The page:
Other Ideas: Shelburne Farm & Orchard; Honey Pot Hill Orchard; Parlee Farms; Carver Hill Orchard; Connors Farm
|Ages:||Toddlers, Kids, Teens, Adults|
|Category:||Farms & Orchards|
Apple picking, pony & horse back trail rides through the woods, Gemstone panning, playground, food and more. Birthday parties welcome!
Stowe Farm is a good place for all ages. For family activities try our rock wall, giant slide, mechanical bull riding, petting zoo, horse back trail rides through the woods, and gemstone mining. Playground time and the BBQ is always good too.
While the kids play , adults can visit our Bad Apple Saloon for an ice cold beer with our outdoor sports tv! We play every patriots game!
Each weekend will feature special events such as live music , face painting , antique market. Check out our event page from our web www.stowefarm.com to find out what's happening.
Open September 8th through Halloween including Columbus day while the harvest season is open for pick your own apples and pumpkins.
Open in December for Christmas fun, with trees, wreaths, garland, and much more. We will have a free petting zoo and Santa will be visiting on special times. The farm will be opening the day after Thanksgiving and that weekend from 10-5 with santa. Then the following 2 friday’s 3-7 with free hot coco and a bon fire. Weekends, 10-5 with the petting zoo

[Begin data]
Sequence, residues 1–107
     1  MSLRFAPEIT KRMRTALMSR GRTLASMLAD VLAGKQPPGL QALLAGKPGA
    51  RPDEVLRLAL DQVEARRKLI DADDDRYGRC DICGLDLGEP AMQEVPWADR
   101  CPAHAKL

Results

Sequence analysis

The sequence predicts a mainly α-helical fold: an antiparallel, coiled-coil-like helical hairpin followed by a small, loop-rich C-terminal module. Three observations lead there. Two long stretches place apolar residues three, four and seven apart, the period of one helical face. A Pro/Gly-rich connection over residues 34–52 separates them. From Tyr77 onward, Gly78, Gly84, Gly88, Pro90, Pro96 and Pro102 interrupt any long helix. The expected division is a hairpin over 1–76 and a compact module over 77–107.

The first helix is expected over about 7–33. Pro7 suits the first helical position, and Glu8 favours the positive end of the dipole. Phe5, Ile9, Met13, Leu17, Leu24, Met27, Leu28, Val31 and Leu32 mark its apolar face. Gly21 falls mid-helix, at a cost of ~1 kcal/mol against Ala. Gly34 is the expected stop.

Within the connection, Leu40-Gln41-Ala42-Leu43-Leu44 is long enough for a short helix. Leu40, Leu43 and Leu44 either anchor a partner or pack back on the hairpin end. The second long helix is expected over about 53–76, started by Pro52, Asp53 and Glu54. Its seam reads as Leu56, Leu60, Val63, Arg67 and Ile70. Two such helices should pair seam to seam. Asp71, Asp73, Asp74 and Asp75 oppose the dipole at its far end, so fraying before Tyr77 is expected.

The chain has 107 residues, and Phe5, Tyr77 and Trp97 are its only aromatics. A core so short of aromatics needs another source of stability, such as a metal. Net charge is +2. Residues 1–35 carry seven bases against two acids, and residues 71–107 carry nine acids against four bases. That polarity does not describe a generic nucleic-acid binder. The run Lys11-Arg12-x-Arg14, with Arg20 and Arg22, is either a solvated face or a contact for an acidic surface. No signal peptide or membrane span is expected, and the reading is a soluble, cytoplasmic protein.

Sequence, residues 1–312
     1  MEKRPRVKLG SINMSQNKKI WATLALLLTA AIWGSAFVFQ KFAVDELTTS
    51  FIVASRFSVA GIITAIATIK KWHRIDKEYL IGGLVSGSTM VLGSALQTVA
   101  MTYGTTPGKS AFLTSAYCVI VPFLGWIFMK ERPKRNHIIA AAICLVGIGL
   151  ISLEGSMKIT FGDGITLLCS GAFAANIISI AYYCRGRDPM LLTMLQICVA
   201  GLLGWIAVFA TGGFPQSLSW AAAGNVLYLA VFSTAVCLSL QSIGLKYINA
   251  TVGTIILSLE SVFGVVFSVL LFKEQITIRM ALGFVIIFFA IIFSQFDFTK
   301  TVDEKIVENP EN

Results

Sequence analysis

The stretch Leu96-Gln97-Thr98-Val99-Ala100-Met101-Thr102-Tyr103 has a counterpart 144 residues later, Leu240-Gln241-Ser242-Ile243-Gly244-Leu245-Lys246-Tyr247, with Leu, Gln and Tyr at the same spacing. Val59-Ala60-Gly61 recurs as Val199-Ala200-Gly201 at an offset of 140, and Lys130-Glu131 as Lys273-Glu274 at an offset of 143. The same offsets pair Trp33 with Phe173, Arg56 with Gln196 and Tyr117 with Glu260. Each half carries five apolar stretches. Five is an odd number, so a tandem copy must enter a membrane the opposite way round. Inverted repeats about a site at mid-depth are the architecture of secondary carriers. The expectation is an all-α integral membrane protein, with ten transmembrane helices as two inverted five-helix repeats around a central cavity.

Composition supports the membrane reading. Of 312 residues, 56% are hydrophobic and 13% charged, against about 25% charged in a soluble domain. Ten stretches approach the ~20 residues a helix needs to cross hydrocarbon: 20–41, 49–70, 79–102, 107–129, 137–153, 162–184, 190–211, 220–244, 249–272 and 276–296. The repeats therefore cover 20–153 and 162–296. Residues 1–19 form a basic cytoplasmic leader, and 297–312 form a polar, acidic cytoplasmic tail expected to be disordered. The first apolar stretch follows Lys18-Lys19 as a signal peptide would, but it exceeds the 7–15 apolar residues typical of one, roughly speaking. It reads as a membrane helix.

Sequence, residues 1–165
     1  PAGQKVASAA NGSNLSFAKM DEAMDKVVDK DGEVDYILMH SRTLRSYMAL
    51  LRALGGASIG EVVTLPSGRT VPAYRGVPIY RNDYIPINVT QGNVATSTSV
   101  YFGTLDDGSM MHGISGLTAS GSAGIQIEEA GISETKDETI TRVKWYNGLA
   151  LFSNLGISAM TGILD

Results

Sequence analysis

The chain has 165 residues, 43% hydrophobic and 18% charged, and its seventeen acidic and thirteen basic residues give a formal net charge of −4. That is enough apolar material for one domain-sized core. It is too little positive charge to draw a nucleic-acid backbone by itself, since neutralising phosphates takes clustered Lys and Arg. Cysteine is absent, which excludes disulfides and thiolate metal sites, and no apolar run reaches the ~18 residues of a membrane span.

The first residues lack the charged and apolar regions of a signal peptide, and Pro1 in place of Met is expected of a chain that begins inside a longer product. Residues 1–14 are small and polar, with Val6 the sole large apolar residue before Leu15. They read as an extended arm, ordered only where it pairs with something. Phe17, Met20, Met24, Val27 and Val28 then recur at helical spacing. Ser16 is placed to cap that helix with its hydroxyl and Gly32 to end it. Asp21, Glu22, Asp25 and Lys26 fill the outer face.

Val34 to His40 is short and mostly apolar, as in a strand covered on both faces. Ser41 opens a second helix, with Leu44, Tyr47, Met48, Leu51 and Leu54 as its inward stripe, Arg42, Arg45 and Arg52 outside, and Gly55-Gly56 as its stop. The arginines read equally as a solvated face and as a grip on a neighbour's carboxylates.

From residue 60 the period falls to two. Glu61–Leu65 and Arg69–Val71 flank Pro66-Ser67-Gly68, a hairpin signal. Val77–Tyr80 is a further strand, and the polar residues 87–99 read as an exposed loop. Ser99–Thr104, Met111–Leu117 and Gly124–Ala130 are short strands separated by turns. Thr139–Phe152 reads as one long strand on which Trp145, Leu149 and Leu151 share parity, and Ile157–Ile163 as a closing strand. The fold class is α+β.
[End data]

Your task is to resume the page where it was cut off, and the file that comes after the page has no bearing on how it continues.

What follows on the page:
Summer Camp Program
Stowe farm offers summer camp programs for ages 7 and up during July and Aug. We offer horseback riding lessons for all levels all year round.
About Stowe Farm
The 85 acres of apple orchard and farm land is nestled away in Millbury Massachusetts.
The Farm was built in 1780 and purchased by the Stowe Family in 1840. From the mid 1800's to the early 1900's the farm was used for growing and marketing vegetables by horse drawn wagon. The main source of income at the time was dairy farming.
Over the many years, seven generations of Stowe's have lived and worked here. Four generations still reside on the farm which is now owned by George B. Stowe. Stowe Farm has been a family operated orchard for the past 60 years.
15 Stowe Road, Millbury, MA, 01527 map
15 Stowe Road
Millbury, Massachusetts 01527
From Route 146 North
Take West Main street Millbury exit. At bottom of ramp turn left on to Main street, go under bridge and bear right at the fork onto Elmwood street. Follow to top of last hill. The road will change names to Carleton Road. Follow for 1 mile and turn right onto Stowe Road.
From Route 146 South
Take West Main street Millbury exit. At bottom of ramp turn right onto Elmwood street. Follow to top of last hill. The road will change names to Carleton Road. Follow for 1 mile and turn right onto Stowe Road.
From Mass. Pike
Take exit 10A to route 20 west, follow to first 4-way intersection (Greenwood street, McDonalds on left). Turn left onto Greenwood Street (look for signs 'Stowes Apples'). Follow Greenwood street to end, at fork bear right onto Carleton road, follow for 1 mile. Take first Right onto Stowe Road.
From Route 290 and 395
Take exit 6A Route 20 East, follow thru first set of lights, turn right at Getty station/yellow blinking light onto Elm street. Turn left onto Brook Street. Bear right at fork, Brook street will turn into Stowe road, follow for 1 mile.